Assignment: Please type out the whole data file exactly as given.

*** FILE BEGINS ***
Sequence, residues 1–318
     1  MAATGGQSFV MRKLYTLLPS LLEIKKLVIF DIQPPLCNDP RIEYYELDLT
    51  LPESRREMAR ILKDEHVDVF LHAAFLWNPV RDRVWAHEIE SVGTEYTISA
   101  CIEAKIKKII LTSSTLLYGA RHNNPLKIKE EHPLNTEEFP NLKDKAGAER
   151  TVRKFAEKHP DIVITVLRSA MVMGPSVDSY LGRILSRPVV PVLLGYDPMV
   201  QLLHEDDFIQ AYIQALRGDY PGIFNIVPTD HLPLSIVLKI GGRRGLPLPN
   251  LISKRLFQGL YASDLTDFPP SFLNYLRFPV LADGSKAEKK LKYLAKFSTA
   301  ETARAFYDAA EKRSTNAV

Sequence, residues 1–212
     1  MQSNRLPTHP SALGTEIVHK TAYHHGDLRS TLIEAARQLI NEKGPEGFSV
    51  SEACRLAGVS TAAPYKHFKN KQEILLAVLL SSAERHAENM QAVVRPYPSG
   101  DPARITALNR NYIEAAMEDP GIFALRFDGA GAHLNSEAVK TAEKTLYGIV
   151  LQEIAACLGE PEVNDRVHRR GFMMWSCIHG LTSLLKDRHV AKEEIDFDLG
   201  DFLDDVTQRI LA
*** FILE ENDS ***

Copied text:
Sequence, residues 1–318
     1  MAATGGQSFV MRKLYTLLPS LLEIKKLVIF DIQPPLCNDP RIEYYELDLT
    51  LPESRREMAR ILKDEHVDVF LHAAFLWNPV RDRVWAHEIE SVGTEYTISA
   101  CIEAKIKKII LTSSTLLYGA RHNNPLKIKE EHPLNTEEFP NLKDKAGAER
   151  TVRKFAEKHP DIVITVLRSA MVMGPSVDSY LGRILSRPVV PVLLGYDPMV
   201  QLLHEDDFIQ AYIQALRGDY PGIFNIVPTD HLPLSIVLKI GGRRGLPLPN
   251  LISKRLFQGL YASDLTDFPP SFLNYLRFPV LADGSKAEKK LKYLAKFSTA
   301  ETARAFYDAA EKRSTNAV

Sequence, residues 1–212
     1  MQSNRLPTHP SALGTEIVHK TAYHHGDLRS TLIEAARQLI NEKGPEGFSV
    51  SEACRLAGVS TAAPYKHFKN KQEILLAVLL SSAERHAENM QAVVRPYPSG
   101  DPARITALNR NYIEAAMEDP GIFALRFDGA GAHLNSEAVK TAEKTLYGIV
   151  LQEIAACLGE PEVNDRVHRR GFMMWSCIHG LTSLLKDRHV AKEEIDFDLG
   201  DFLDDVTQRI LA